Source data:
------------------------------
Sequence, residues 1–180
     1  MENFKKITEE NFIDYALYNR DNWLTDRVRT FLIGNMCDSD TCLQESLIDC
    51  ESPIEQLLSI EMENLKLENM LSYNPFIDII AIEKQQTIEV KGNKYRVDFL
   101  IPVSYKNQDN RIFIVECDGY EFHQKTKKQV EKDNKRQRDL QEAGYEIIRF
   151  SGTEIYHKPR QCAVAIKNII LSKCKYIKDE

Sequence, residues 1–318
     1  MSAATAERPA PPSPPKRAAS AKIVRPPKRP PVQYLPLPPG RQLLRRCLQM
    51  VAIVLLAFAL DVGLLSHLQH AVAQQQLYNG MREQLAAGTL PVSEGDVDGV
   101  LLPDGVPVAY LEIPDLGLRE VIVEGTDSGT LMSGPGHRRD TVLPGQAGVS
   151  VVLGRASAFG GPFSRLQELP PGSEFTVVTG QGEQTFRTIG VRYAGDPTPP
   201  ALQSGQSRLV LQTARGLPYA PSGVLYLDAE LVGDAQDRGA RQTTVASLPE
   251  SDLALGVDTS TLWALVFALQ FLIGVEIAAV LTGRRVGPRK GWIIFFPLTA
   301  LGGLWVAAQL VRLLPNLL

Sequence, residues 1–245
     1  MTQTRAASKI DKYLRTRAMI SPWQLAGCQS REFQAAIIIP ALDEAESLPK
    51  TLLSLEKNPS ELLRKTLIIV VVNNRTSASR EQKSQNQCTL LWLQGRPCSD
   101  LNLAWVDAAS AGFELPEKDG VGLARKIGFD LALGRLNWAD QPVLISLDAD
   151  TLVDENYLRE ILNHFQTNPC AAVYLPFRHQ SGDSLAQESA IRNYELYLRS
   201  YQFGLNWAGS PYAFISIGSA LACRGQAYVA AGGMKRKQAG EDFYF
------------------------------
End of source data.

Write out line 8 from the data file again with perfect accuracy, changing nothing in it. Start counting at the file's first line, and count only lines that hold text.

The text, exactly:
    51  VAIVLLAFAL DVGLLSHLQH AVAQQQLYNG MREQLAAGTL PVSEGDVDGV